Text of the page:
Lions drafts provide comic relief/Paul Peterson
The Detroit Lions never fail to amaze their long-suffering fan base.
The National Football League team has also given the public some of its best comic relief on draft day.
Take, if you will, the hullabaloo that surrounded such picks as Chuck Long, Andre Ware, Aaron Gibson and Joey Harrington.
Long was reputed to be a strong-armed quarterback out of Iowa when the Lions used a No. 1 pick on him in 1986. He had finished runner-up to Auburn’s Bo Jackson in the balloting for the Heisman Trophy. He appeared ready to fulfill that promise when he threw a touchdown in his very first pass as a pro.
Unfortunately for Detroit fans, he would finish an abbreviated NFL career with 19 TDs, 28 interceptions and numerous fumbles.
Ware was an even more mystifying no-show for the team in 1990 after winning the Heisman Trophy for the University of Houston as a junior. In four unspectacular seasons in Detroit, he accounted for a whopping five touchdowns and eight interceptions.
Ware, who threw for 44 touchdowns and 4,440 yards in his final season against the likes of UNLV, Temple, SMU and Rice, was wildly erratic in Motown. In truth, he would have had difficulty finding Lake Superior from a dock in Copper Harbor. He’s now a football commentator on television.
Gibson, a massive tackle from Wisconsin, was advertised as the answer to Detroit’s woes on the offensive line a decade ago.
But his weight flucuated anywhere from 320 to 400 pounds, and he quickly became one of the league leaders in holding penalties and false starts. In one memorable game, he jumped on an opponent a good 10 seconds after a play ended. It prompted a Detroit columnist to come up with a classic line:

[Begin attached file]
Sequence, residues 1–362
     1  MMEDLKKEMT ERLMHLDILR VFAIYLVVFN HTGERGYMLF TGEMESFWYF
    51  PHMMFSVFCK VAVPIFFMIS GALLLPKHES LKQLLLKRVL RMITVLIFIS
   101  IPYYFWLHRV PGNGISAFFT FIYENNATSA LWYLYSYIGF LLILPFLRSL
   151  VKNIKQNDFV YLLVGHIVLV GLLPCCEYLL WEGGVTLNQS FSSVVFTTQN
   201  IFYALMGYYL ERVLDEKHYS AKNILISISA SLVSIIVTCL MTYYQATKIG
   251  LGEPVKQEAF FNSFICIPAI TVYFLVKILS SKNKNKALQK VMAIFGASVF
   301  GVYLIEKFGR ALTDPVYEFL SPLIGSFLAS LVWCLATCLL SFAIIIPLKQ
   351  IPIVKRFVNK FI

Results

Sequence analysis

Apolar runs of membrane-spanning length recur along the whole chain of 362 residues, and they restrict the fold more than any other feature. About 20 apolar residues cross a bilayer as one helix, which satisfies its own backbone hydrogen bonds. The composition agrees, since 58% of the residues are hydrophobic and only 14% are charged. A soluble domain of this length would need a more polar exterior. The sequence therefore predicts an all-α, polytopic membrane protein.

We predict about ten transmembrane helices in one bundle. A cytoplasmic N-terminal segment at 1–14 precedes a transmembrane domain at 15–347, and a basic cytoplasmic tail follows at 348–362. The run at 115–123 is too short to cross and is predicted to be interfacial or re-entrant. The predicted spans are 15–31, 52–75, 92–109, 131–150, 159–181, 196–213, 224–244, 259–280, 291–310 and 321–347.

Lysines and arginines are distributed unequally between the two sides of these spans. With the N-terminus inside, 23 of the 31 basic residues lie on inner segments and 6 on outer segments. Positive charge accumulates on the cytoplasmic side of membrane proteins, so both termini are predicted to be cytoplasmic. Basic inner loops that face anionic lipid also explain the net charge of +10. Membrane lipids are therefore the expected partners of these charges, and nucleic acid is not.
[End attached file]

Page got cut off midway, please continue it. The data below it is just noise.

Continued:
“He (Gibson) pounced on his (foe) like he was a juicy double cheeseburger,” the writer said of the play that ultimately cost the Lions a shot at winning the game.
Harrington, a strapping 6-foot-3, 220 pounder from Oregon, was said to have a NFL arm. But after a promising rookie start, he quickly became another casualty of the Lions “draft curse.” He finished his career with a very pedestrian 79 TD passes and 85 picks.
An accomplished jazz pianist, Harrington is now a college football analyst and appears on the same show with Erin Andrews. Not a bad gig for the slightly underachieving former Oregon Duck.
This year, the Lions took defensive lineman Ezekiel “Ziggy” Ansah of BYU with the fifth overall pick in the draft. Ansah, who didn’t even know how to put on football pads three years ago, is projected (wouldn’t you know) as a project much like Jason Pierre-Paul of the New York Giants.
While Ansah does have potential to be a productive player, when was the last time potential alone has paid dividends?
And then’s there is Havard “Kickalicious” Rugland of YouTube fame. He’s in the Detroit camp, vying with veteran David Akers to fill the shoes of retired Jason Hanson. Yes, the Norwegian had never put on a football helmet until last week’s rookie orientation drills.
Rugland has kicked from every conceivable location.
We know he can kick over a boat on a lake, a car on a road and off a cliff. He just may be doing the latter in Detroit should he make the team.
At least, Detroit didn’t waste a draft pick on him.
It’s said the Lions are looking for some receiving help this off-season for the ultra-talented Calvin Johnson.
Maybe the Flying Wallendas are available …